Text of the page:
Long-term care insurance could help defuse the looming baby boom retirement ‘disaster’


Susan Ladika

Long-term care is expensive for all concerned—those getting it, their family, caregivers, and taxpayers. And the situation is only expected to get worse as the American population ages.

Marjorie Keymer

Marjorie Keymer

“Everybody is acutely aware that as 10,000 baby boomers hit the senior citizens ranks every day, it’s a potential disaster,” says Marjorie Keymer, vice president and medical director of claims for the insurer Genworth.

Already, long-term care for seniors costs an estimated $231 billion each year, according to the American Council of Life Insurers (ACLI). That equals 7.5% of all money spent on health care in a given year. Medicaid and Medicare each cover about a third of those costs, while patients and their family members shoulder 20% of the burden, or $46 billion in out-of-pocket expenditures.

Long-term care expenditures for the elderly

Source: American Council of Life Insurers, “Who Will Pay for Our Long-term Care?,” October 2014

Spending on long-term care is expected to soar to almost $400 billion by 2030, while the number of employees paying taxes will shrink. In 2010, there were nearly three workers paying taxes for every retiree; by 2030, there will be just two per retiree.

One possible way to spread the financial burden is through private long-term care insurance. The ACLI calculates that if one quarter of consumers purchased long-term care insurance, Medicaid would wind up shouldering 25% of the country’s long-term care costs and individuals about 11%, while private insurance coverage would jump from less than 7% today to 26% in 2050.

Chris Conklin

Chris Conklin

But for consumers, this may not look like such a good deal. Premiums for long-term care insurance have gone up while the benefits have become less generous. Actuarially, it’s a difficult business to be in. “The reality is very few companies are left,” says Chris Conklin, senior vice president of product design for Genworth. Several big players, such as Prudential and MetLife, no longer sell individual long-term care policies. Genworth, Mutual of Omaha, and John Hancock have stayed in the market.

The prices for long-term care policies rose an average of 8.6% from 2013 to 2014. An unmarried 55-year-old man paid an average of $1,060 for $164,000 in coverage in 2014, while an unmarried 55-year-old woman paid $1,390, according to the American Association for Long-Term Care Insurance. A married 60-year-old couple paid, on average, $2,170 for $328,000 in coverage.

Premiums vary with an individual’s age when purchasing the policy, the maximum daily or monthly amount the policy covers, and how long the policyholder will wait until the policy kicks in. Often, people choose a 90-day wait. Typically, policies today provide coverage for three or four years, and criteria are often an inability to do the “activities of daily living,” such as bathing, dressing, going to the bathroom, and feeding oneself.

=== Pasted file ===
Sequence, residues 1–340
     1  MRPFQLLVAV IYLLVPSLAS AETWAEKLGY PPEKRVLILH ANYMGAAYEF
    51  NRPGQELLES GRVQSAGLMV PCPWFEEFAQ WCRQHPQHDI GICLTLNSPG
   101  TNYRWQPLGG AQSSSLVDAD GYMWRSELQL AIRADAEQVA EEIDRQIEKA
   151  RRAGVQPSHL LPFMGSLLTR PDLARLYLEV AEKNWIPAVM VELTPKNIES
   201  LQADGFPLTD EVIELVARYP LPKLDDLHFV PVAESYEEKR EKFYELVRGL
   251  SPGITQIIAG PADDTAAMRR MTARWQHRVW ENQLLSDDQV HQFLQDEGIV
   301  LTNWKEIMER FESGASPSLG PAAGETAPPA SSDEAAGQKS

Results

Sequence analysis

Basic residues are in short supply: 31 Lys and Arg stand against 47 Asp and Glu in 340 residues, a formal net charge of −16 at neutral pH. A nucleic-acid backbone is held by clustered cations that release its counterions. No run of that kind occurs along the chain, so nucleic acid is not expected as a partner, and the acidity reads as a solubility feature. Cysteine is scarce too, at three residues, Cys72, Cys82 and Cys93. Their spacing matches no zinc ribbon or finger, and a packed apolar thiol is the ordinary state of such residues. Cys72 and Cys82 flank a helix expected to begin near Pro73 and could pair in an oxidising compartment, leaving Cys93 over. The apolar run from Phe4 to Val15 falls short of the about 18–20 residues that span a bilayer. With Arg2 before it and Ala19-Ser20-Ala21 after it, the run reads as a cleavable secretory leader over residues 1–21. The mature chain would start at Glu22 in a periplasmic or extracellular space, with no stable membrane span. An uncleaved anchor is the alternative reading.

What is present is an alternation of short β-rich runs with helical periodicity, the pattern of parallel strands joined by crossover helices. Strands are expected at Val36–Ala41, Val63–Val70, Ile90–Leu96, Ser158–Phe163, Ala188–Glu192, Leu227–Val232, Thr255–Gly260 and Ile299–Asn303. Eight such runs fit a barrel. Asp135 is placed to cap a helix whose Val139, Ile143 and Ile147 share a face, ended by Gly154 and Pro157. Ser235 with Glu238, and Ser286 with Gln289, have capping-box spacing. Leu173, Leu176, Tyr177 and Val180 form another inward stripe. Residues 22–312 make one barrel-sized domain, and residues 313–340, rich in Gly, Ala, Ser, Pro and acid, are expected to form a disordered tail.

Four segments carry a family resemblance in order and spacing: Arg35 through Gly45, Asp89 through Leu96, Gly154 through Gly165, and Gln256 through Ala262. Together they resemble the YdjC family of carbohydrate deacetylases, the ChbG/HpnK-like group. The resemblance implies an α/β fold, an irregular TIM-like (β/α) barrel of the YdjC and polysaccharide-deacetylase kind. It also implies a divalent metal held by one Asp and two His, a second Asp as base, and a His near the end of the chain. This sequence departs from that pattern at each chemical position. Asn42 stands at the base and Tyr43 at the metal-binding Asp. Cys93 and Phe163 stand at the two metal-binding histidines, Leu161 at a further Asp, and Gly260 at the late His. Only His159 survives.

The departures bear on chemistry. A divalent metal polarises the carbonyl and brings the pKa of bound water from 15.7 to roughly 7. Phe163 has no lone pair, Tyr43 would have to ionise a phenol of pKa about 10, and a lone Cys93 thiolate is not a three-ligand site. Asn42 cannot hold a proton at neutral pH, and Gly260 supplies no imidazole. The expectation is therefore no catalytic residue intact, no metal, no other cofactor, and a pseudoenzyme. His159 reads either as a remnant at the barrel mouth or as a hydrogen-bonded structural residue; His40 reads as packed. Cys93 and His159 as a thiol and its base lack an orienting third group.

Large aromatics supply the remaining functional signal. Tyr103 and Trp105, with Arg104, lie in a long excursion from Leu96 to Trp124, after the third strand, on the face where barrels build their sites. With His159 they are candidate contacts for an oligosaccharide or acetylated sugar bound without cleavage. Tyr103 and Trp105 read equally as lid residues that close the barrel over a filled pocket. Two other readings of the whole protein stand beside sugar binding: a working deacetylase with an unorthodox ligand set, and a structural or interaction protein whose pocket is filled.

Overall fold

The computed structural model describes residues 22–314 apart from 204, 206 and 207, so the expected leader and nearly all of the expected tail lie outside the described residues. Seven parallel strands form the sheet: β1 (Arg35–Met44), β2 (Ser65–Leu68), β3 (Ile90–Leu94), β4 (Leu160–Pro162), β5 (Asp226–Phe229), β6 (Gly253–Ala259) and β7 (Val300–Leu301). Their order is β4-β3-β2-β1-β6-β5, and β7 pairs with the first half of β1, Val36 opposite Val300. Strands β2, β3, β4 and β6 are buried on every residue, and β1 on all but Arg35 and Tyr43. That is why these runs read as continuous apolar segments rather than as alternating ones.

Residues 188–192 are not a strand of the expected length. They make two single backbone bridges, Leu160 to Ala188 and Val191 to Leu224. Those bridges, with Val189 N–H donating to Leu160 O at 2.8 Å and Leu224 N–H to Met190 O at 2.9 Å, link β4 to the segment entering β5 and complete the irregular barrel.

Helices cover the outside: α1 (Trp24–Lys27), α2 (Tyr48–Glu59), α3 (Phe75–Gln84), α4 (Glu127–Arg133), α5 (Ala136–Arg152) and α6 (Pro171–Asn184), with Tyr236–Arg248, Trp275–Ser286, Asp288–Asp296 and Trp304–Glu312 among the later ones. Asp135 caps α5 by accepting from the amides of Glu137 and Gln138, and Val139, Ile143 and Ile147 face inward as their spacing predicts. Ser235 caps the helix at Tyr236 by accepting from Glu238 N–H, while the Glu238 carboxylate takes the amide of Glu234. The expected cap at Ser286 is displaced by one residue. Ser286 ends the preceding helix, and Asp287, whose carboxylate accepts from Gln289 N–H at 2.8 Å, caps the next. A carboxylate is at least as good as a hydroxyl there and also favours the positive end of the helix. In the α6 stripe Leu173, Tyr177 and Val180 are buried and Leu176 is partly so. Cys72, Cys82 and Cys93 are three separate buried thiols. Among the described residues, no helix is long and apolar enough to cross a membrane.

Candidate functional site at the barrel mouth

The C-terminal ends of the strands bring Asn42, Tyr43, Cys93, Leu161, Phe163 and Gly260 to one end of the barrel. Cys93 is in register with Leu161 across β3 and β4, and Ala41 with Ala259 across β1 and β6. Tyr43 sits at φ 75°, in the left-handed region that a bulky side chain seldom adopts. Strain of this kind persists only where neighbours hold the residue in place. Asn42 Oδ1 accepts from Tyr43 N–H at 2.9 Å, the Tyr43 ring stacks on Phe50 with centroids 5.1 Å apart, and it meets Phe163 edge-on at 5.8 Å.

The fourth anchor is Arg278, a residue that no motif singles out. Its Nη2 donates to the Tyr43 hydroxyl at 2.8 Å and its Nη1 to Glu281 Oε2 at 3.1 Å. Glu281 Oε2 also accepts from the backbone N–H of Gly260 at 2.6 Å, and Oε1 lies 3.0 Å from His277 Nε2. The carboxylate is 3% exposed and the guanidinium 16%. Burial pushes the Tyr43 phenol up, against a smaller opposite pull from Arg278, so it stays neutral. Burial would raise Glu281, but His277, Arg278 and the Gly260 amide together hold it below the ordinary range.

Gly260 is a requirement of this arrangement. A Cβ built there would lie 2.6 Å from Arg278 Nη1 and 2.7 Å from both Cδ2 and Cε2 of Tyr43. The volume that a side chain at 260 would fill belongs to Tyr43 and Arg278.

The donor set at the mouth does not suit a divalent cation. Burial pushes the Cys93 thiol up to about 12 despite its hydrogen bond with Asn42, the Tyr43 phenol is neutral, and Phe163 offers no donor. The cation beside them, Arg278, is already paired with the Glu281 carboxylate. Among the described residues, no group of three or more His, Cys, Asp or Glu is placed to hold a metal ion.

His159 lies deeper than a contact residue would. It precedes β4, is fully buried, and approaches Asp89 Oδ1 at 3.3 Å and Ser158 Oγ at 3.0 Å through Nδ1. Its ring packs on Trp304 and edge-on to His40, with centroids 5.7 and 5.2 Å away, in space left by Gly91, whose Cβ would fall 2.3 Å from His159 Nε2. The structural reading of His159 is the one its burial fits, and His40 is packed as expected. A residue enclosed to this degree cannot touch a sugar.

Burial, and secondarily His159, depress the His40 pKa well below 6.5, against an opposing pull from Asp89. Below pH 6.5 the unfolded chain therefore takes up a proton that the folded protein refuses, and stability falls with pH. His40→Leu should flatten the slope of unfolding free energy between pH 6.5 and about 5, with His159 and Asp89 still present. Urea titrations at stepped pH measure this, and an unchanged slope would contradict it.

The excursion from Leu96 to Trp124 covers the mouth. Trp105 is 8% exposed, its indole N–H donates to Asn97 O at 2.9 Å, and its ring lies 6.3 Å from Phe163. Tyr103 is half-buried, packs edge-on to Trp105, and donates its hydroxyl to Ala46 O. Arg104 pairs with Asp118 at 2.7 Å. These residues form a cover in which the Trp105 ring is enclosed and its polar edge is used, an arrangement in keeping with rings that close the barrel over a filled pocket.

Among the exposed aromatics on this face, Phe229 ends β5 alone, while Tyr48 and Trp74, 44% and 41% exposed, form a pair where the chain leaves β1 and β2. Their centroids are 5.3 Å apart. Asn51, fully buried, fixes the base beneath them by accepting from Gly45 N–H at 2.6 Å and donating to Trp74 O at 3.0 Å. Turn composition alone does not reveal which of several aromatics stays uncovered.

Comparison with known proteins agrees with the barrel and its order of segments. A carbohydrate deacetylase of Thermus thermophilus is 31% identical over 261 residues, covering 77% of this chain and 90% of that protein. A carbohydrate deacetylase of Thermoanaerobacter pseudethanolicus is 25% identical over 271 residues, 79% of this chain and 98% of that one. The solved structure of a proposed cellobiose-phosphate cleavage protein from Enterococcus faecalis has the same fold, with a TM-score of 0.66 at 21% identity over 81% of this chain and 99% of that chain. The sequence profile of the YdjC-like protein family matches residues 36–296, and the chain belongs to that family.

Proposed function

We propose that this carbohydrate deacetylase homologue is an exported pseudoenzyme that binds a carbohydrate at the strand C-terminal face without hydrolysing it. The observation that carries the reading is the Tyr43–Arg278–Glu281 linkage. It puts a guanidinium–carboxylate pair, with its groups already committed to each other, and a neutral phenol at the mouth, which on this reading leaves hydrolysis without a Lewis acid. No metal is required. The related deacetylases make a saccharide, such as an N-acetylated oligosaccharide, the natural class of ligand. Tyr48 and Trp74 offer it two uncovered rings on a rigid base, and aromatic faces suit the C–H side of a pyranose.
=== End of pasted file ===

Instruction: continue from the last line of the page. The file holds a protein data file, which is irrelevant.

If someone wants to file a claim with Genworth, a registered nurse will visit the individual and his family caregiver to assess his physical and cognitive functions, says Keymer. The nurse then will draw up a plan of care, outlining the type of assistance needed. Needs are reassessed over time.

Currently, nearly 7 million Americans have long-term care insurance, according to ACLI. The number of people covered by the insurance climbed 17% between 2007 and 2013. Much of that growth is in hybrid policies, such as ones that combine life insurance and long-term care insurance. A consumer would typically purchase a whole life policy, with long-term care coverage as a secondary benefit. The hybrid policies were introduced about 10 years ago.

Genworth, Guardian, and Nationwide are among the companies that sell hybrid policies. Consumers are advised to be a little wary because some hybrid policies offer very skimpy long-term care coverage. A hybrid policy generally costs about 5% to 15% more than a standalone life insurance policy. If the hybrid policyholder becomes ill or injured, the death benefit can be accelerated and used to pay for long-term care. However, that will reduce the life insurance payout to heirs when the person dies. “It ends up being a living benefit of a life insurance policy,” says Frank Chechel, second vice president of life product management at the Guardian Life Insurance Co. of America.

State Partnership Programs, which link certain long-term care policies offered by private insurers with Medicaid, are another choice for people entering their care-needing years. With these policies, if you have, say, $100,000 worth of coverage you can apply for Medicaid and still retain $100,000 worth of assets. Those are above a state’s Medicaid asset limit. In most states, the limit is $2,000 for a single person.

So, you could retain $102,000 worth of assets. The ACLI says partnership policies are available or pending in 42 states.

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